The veterinarian will likely recommend a topical antibiotic or antifungal treatment to handle the condition before it worsens if many of the blackheads have already developed into a local irritation or even infection.
Additionally, once you find discomfort in your dog, just like any other conditions or skin lesions like dog warts, you must visit your veterinarian.
Treatment #2 Home Remedy
If dirt buildup is the cause of the blackheads on your dog’s nipples, you should regularly bathe your dog to get rid of this buildup. A wet towel won’t be able to remove some spots.
Dogs must have their teeth routinely maintained in addition to their skin since dogs have various disadvantages when it comes to readily maintaining a clean mouth, including exposure to bacteria.
Treatment of the secondary problem is crucial if the blackheads are a result of another skin issue. The main reasons why your dog develops blackheads and the appropriate treatments are listed in the table below.
|Demodectic Mange||Follicle flushing shampoos are used to treat this condition and eradicate the mites from the follicle.|
|Seborrhea||This can be effectively managed using shampoos, essential fatty acid supplements, and other oral meds.|
|Cushing’s Disease||This is typically treated with an oral medicine that restores the blood’s normal level of natural steroids.|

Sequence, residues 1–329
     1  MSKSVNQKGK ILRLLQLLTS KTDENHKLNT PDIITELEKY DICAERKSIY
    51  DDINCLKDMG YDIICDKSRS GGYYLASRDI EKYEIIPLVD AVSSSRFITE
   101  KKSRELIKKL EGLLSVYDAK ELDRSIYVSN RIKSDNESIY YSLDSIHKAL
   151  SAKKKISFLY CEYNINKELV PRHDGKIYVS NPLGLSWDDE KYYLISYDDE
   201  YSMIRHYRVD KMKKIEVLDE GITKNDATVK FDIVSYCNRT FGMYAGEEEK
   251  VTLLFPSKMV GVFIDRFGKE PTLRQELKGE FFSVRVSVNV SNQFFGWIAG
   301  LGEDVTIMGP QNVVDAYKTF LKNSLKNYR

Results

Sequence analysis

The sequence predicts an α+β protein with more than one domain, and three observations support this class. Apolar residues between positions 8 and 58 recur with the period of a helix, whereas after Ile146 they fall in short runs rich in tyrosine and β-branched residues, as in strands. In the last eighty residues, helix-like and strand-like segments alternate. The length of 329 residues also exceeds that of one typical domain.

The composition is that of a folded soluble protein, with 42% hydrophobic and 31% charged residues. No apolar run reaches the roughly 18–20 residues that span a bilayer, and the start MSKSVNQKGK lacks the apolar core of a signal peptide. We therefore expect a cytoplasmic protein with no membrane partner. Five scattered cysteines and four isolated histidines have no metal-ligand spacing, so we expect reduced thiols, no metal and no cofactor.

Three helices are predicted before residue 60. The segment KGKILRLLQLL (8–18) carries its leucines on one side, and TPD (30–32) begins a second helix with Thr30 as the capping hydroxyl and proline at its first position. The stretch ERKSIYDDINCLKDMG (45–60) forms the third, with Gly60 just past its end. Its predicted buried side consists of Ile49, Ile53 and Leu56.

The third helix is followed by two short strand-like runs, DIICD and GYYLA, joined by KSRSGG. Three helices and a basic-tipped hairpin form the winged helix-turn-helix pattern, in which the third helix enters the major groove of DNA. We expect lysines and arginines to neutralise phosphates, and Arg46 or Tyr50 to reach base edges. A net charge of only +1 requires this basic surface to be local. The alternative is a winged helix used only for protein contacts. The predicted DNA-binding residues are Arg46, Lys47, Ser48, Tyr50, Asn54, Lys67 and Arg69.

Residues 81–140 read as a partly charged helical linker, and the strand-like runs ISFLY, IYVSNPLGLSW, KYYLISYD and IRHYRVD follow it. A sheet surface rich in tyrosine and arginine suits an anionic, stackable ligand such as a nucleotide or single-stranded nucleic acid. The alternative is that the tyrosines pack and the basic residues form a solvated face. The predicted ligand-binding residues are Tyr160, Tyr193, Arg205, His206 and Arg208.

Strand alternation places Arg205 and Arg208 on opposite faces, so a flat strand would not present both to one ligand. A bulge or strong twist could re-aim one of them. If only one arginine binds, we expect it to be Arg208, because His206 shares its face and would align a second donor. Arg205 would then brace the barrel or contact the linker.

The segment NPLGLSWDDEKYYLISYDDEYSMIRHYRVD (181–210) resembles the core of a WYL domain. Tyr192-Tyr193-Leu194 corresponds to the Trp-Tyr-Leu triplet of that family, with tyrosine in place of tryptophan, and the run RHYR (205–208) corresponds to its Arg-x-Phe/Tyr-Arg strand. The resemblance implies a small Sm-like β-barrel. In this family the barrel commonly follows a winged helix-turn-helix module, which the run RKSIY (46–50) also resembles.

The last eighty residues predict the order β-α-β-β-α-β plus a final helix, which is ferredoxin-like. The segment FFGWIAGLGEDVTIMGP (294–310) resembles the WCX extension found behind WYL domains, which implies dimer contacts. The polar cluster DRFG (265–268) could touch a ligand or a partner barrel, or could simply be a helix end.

After giving your dog a fresh bath to refresh its body, you can give a small bite of pineapple as a treat.
Where Dog Blackheads Can Appear
Blackheads are clearly visible to the naked eye. The following are the areas where blackheads are frequently concentrated since these are the places where oil glands are most concentrated:
Blackheads on softer skin, such as the belly, may form as a result of Cushing’s disease. Many pet owners believe that the symptoms are simply a natural part of aging. However, there are also other factors why your dog gets blackheads on their belly.
If your dog gets blackheads on its back, the sebaceous glands are probably producing too much oil in that area. Blackhead-prone, hairless canines displayed very high skin sebum levels. The majority of the blackheads on the dog’s back were dispersed across the skin, with lesions clustering mostly in the legs and prepuces.
Some of the hairless canine breeds that are prone to getting blackheads on the back are: